Sports field, police body cameras among projects vying for Trumbull ARPA funds

TRUMBULL – The installation of a synthetic sports field in Indian Ledge Park, the repair of a municipal swimming pool and the upgrade of body cameras for the police are among the projects vying for approximately $ 5 million in funds allocated to the city through the American Rescue Plan Act.

Trumbull City Council and Finance Council met for about three hours on September 1 to listen and ask questions about presentations from leaders of various city departments, all of whom talked about projects they wanted to see the money for. spent.

“We have before us a unique opportunity to support important community projects and programs with this funding that we would not normally be able to do,” first coach Vicki Tesoro said during an opening presentation to the city council. and the finance council.

Trumbull has received a total of approximately $10.5 million in ARPA funding from the federal government, which state, local and tribal governments are expected to use to support their response and recovery from the COVID-19 public health emergency. .

The city received the money in two allocations, in May 2021 and the second in May 2022. So far, just over $5 million in ARPA funds have been spent, with $5.4 million remaining. .

Tesoro said in his presentation that ARPA funds must be allocated to certain projects no later than December 31, 2024, and must be used by December 31, 2026.

City Council President Ashley Gaudiano reminded those gathered that the total cost of the projects proposed at the meeting far exceeded the amount of money available to the city, so not everything could be funded.

One of the biggest projects discussed was the installation of a multipurpose synthetic turf sports field at Indian Ledge Park. The project, estimated at about $2.2 million, is badly needed because the city’s natural fields are often at the mercy of weather conditions, said Dmitri Paris, superintendent of parks and recreation for Trumbull.

“In the spring, many (courts) users are unable to get games, due to wet weather or (other reasons),” he said, adding that “We have thousands of users in the town of Trumbull who would benefit from another synthetic pitch.

Paris also told the meeting that serious repairs were needed to the pool at Tashua Knolls and was asking about $850,000 to spend on the project.

Another major project discussed at the joint meeting was the Trumbull Police Department body camera upgrade, which Trumbull Police Chief Michael Lombardo said would cost around $100,000.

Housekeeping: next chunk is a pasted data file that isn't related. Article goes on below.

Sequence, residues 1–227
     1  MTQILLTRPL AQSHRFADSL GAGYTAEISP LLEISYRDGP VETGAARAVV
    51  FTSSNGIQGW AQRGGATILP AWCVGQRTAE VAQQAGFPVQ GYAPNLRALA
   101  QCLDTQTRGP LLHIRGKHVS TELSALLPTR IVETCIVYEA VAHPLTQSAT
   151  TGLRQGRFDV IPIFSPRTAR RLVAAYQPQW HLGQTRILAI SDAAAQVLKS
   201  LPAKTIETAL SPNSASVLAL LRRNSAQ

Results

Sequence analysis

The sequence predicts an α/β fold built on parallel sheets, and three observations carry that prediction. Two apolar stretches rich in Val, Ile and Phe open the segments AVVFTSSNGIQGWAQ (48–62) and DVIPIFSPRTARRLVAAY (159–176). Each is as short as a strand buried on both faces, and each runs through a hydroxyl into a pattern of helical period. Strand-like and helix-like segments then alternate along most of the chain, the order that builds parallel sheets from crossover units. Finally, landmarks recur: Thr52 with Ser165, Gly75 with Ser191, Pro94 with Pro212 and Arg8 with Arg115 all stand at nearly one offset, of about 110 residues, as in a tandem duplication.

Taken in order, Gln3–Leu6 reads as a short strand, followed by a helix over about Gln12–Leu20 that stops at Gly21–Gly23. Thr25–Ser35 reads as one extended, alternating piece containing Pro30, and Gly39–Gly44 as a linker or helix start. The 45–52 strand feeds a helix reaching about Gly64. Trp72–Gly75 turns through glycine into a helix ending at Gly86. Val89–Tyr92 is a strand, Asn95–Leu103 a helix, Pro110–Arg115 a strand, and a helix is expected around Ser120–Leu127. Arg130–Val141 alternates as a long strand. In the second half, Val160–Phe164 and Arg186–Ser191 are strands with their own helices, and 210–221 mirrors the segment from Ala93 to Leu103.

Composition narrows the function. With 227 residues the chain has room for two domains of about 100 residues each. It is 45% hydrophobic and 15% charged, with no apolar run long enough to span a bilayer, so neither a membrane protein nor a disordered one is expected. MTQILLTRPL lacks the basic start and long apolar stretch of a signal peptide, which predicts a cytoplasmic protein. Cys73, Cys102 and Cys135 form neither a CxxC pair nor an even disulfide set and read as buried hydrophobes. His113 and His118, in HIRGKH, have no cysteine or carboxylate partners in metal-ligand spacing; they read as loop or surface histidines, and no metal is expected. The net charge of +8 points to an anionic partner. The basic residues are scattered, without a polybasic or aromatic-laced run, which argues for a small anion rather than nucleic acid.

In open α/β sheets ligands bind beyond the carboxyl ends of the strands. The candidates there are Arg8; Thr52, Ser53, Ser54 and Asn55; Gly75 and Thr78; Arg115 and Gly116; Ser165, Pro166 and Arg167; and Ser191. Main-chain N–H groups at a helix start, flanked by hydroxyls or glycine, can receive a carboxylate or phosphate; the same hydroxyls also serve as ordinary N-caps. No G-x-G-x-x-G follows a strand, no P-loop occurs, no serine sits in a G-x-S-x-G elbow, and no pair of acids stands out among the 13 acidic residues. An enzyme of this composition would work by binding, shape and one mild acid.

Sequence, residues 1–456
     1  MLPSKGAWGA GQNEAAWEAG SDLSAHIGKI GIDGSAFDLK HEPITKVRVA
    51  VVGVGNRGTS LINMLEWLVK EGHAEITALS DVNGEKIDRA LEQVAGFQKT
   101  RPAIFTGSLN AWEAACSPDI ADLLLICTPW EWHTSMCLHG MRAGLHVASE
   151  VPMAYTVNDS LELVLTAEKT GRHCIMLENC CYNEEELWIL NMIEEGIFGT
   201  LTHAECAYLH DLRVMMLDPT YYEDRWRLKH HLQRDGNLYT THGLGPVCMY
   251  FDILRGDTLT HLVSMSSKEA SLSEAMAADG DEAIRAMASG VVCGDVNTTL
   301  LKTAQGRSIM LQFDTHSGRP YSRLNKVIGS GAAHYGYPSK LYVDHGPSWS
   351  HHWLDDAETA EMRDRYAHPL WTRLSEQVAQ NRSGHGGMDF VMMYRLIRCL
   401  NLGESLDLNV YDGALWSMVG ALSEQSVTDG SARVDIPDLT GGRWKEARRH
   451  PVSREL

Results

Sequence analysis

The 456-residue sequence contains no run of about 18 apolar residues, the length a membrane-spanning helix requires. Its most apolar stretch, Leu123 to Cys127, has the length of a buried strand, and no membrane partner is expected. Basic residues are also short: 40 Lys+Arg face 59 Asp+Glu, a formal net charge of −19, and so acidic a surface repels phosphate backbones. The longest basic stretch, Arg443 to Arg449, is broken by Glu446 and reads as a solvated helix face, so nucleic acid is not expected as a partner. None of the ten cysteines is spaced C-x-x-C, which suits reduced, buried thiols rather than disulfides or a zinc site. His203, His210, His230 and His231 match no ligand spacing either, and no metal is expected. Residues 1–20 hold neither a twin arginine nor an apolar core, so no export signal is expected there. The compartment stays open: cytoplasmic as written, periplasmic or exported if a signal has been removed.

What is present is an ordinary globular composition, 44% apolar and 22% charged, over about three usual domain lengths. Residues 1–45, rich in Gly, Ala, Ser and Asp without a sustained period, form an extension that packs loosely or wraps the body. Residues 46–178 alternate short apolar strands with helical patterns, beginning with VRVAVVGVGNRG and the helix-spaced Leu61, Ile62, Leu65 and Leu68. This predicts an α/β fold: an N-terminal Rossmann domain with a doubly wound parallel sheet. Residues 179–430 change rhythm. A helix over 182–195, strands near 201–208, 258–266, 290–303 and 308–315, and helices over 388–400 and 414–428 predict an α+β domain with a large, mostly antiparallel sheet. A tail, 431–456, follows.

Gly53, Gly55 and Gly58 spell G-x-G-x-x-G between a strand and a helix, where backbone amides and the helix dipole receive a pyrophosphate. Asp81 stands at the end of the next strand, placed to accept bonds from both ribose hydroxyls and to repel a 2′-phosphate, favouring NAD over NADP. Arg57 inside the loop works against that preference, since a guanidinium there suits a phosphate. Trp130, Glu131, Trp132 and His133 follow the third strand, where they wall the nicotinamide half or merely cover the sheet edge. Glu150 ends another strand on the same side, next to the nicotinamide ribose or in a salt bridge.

He said the cameras are required by law and many of the ones the department now has broke down, running out of batteries in the middle of a shift. Lombardo said the camera model used by the city is also expected to be phased out soon.

“I guess when that’s eliminated there will be a lot of difficulty getting repairs, parts – everything,” he said.

One thing that was not on the police department’s list was a way to increase its numbers, an issue the department struggled with. Finance Council member Paul Timpanelli asked why this had not been addressed.

“Is there nothing we can do with these funds to address this issue as critical funding?” he said.

Lombardo said he didn’t think ARPA funds could be directly used to hire more staff, which Tesoro confirmed. However, she said police staffing was also a concern for her.

“It’s not just a problem at Trumbull,” she said. “It’s a problem everywhere.”

She also said ARPA funding can be used to replace public sector revenue lost during the pandemic, and that this could be a possible way for the police department to address its recruitment and retention issues.

Thursday’s meeting was the first in a long series of discussions about how the money will be spent, and consisted mainly of department heads discussing their ideas and answering questions from council and board members. administration. There was no public comment. The public will be able to comment at the next meeting, scheduled for October 27.

Tesoro said in his presentation that the city plans to launch an online form that city residents and business owners can use to submit their own ideas for how the money should be used. The form would be available on the city’s website from September 15 to October 15.

Tesoro stressed that the list of potential ARPA projects presented at the joint meeting was preliminary and that formal recommendations would not be made until some time later.

“I hope we can make these decisions apolitically, working together to do what’s best for our city,” she said.

Denise W. Whigham